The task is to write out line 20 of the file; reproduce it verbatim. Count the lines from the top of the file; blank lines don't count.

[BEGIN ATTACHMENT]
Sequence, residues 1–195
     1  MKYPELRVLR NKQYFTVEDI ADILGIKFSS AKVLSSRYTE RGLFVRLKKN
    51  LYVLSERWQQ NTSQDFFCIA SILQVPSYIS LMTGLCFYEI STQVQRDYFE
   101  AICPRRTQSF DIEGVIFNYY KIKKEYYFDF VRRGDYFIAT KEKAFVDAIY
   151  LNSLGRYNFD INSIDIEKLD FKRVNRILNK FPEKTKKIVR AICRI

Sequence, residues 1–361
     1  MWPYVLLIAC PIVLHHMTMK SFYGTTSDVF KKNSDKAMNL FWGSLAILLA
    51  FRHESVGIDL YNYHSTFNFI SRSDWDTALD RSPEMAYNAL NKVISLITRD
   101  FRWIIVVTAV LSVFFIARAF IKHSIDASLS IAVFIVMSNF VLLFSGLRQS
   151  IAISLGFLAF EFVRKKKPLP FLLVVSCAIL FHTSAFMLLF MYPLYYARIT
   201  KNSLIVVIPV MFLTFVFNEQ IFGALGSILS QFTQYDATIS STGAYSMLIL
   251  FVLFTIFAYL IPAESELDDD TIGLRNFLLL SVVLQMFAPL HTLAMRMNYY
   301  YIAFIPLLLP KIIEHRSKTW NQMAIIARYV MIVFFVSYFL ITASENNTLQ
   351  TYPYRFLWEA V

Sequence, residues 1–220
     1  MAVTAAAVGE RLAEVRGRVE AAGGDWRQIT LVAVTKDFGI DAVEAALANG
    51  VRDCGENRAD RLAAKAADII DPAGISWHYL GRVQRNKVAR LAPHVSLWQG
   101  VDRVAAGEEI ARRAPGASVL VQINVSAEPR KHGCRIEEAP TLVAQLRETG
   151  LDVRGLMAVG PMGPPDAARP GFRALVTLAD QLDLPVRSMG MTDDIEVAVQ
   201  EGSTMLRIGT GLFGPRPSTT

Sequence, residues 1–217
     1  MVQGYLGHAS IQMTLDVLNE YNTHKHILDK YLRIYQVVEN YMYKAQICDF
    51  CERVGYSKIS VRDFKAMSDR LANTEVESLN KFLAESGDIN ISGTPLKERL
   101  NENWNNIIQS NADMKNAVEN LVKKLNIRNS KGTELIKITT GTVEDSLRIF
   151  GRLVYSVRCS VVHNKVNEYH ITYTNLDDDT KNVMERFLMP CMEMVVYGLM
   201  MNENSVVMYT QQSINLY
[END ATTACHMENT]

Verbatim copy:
   201  EGSTMLRIGT GLFGPRPSTT